TUI Fly Belgium on Wednesday became the first EU carrier to resume revenue service with the Boeing 737 Max since its March 2019 grounding with a flight from Brussels Airport to Alicante and Malaga, Spain. The aircraft, carrying registration OO-MAX, departed from Brussels Airport at 9:30 local time with 118 passengers on board. All passengers were informed the flight would be aboard a Max 8.
The Belgium civil aviation authority awarded the aircraft its airworthiness certificate after confirming it complied with the requirements mandated by the European Union Aviation Safety Agency (EASA) for a safe return to service of the Max. The EASA airworthiness directive, issued January 27, mandates software updates for the flight control computer; software updates to display an alert in case of disagreement between the two angle-of-attack sensors; physical separation of wires routed from the cockpit to the stabilizer trim motor; updates to flight manuals citing operational limitations and improved procedures to equip pilots to understand and manage all relevant failure scenarios; updates to initial and recurrent pilot training; tests of systems including the AoA sensor system; and an operational readiness flight.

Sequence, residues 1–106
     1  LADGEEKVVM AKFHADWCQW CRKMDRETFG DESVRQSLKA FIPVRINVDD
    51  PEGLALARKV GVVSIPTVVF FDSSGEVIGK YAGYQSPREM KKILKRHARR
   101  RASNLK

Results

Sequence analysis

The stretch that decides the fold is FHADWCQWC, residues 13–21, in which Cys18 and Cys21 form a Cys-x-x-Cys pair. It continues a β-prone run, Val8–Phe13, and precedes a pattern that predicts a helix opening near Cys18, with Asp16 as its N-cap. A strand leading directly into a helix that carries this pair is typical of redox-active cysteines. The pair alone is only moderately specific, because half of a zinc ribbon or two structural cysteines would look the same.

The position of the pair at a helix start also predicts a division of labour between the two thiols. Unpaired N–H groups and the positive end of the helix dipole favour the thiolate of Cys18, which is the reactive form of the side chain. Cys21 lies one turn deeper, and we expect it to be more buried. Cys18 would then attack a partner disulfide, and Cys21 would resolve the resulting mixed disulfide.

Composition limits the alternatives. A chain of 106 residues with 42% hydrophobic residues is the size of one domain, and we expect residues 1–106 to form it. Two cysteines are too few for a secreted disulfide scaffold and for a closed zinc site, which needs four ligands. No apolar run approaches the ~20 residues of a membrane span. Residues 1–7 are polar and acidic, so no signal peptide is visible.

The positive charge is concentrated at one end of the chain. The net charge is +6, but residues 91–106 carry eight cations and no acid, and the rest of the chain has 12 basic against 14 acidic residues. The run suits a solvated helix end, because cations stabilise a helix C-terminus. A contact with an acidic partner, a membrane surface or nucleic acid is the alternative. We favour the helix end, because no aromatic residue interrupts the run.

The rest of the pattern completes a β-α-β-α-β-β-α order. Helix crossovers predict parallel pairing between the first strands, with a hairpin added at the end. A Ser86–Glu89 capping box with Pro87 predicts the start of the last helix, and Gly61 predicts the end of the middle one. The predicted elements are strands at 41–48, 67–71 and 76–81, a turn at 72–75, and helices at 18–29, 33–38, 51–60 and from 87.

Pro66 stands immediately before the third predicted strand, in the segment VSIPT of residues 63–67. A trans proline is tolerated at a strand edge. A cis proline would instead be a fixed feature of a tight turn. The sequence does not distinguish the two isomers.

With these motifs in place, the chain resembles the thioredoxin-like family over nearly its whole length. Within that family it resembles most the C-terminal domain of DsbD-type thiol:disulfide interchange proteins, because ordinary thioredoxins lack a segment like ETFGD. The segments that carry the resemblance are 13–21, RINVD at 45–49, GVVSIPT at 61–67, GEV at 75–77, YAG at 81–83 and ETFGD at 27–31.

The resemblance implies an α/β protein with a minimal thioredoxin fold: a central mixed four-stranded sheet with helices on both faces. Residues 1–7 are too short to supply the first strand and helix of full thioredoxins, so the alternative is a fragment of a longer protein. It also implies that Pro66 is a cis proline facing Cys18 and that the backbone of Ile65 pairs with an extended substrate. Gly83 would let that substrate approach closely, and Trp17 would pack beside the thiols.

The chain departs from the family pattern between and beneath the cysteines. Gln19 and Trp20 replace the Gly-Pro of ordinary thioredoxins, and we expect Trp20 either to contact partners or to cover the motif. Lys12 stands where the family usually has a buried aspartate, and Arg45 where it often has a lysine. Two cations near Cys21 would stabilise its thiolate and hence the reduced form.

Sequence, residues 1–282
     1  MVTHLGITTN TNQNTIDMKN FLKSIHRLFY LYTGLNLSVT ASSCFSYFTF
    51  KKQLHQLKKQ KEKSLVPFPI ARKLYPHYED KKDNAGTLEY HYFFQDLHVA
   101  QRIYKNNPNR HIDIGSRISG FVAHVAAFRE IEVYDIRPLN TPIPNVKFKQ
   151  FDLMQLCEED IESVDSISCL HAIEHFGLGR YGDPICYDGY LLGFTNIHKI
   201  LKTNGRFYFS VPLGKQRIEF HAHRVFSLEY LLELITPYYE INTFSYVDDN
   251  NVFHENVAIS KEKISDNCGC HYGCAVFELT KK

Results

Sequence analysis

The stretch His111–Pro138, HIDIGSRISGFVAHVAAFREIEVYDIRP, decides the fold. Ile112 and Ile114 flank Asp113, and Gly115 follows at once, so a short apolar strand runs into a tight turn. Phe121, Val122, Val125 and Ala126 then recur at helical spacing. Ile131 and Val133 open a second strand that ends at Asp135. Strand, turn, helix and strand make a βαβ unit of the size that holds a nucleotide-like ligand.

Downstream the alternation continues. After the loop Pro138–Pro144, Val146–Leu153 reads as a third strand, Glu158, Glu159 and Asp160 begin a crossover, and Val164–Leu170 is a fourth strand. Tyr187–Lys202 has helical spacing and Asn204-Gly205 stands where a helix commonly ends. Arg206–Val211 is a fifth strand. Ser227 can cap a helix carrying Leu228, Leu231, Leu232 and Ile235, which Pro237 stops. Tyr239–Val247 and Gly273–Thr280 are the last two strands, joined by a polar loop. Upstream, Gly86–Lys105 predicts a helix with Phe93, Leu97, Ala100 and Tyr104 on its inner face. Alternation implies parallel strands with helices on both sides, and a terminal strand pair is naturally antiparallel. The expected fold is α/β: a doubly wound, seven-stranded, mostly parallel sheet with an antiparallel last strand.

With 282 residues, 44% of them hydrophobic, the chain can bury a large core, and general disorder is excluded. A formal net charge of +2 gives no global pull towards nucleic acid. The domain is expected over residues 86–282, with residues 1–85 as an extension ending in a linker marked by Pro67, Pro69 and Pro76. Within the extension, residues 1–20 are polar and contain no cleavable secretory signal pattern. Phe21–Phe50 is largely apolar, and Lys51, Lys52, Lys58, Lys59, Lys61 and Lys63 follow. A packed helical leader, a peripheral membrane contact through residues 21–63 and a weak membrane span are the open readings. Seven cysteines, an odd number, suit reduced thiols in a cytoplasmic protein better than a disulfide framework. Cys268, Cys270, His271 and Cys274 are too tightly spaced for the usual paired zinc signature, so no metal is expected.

TUI Fly Belgium’s pilots received their dedicated return to service training in a 737 Max simulator in Gatwick, London, a spokesperson confirmed to AIN. Already 135 of its pilots have completed their mandatory Max simulator training.
The airline will take a phased approach to return to service its four Max 8s depending on the lifting of travel restrictions in Belgium and a return of demand. The Belgian CAA cleared two of its Max jets to operate revenue service. Gunther Hofman, managing director of TUI Fly Belgium, said the company is “delighted that our four aircraft can be used again. The safety of our passengers and crew has been our top priority all along and we have full confidence in the 737 Max, the most tested aircraft ever tested in history and around the world.”
The company declined to reveal the cost of the extra training and the modifications to its Max fleet, noting that negotiations covering those details took place “as part of an overall package with Boeing.”